In the recent European Parliament elections, only one Green Party MP - from Latvia - was elected out of all the ten new EU states. A fairly poor result, given the fact that improving the environment was once fairly high on the agenda for people in the former Soviet bloc. So why did green parties do so badly? That's a question Rob Cameron put to Jan Haverkamp, a Dutch environmentalist who's been working in the region for twenty years.
"In the 90s we had a very strong environmental movement with a lot of very strong personalities. And what we see is that in all the countries where the Greens have not been able to win seats, there was more than one Green Party competing for seats. We also see that it has not been possible for people with a focus on green issues to get on important places in the existing parties."
Nonetheless this region suffered terrible environmental damage at the hands of the Communists, and the effects of that damage are still with us today. Why aren't green parties more popular here?
"First of all because people have a lot more on their minds than only green issues. That has to be said up front. The second point is that there's a lot of apathy, people don't believe in politics anymore, they also don't believe that politics can change things for the better on ecological matters. We can see that very sharply here in the Czech Republic, where we have an environment minister from the Christian Democrats who got his position on a green ticket, but as environment minister has problems implementing his opinions because he is completely dependent on his not-so-environmentally-orientated party colleagues. And people have lost a little bit of hope on that issue."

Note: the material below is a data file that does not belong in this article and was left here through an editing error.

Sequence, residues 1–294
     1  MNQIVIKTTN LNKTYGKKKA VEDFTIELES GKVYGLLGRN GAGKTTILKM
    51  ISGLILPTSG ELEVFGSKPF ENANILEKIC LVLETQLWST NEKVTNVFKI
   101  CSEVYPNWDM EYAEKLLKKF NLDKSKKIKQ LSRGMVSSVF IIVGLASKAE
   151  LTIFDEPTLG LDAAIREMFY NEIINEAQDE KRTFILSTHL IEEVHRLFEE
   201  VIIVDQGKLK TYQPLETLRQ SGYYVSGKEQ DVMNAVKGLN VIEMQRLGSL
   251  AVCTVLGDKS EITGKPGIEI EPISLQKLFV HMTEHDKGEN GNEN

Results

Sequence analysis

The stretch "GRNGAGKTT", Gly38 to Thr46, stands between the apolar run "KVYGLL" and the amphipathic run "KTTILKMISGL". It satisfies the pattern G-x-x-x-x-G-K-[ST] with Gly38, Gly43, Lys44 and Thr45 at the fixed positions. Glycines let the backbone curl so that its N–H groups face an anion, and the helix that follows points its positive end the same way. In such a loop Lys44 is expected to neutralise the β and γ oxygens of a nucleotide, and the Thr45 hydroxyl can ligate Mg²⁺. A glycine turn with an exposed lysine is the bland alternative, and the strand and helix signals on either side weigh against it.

Going back to your first point - you said you thought people had more important issues to worry about. Is it true that people only start voting for green parties when they can afford to, when they have less pressing things on their mind? Isn't voting green a middle-class luxury if you like?
"No I think people will vote for green agendas when these green agendas are also pushing the total political agenda. That's we saw in 1990 - 1992 in this region. It was that people had a holistic vision of the problems we were facing. We wanted to get rid of Communism, Communism was standing for environmental pollution, so the environmental issue was a critique of Communism. Those people were not middle class."
You're from the Netherlands - there's a huge gap in green awareness between your country and this country. Do you think that gap will ever become closer?
"In the Netherlands Greenpeace has 650,000 supporters. In the Czech Republic, 12,000. That's a very big gap. I don't think we can make that up very fast. But what I do see is that environmental issues are becoming more and more mainstream. There are more and more people saying 'yes of course we should think about the environment as a whole.' It's slowly becoming less of a polarised opinion thing. And what you see is that slowly the membership of environmental organisations is growing."
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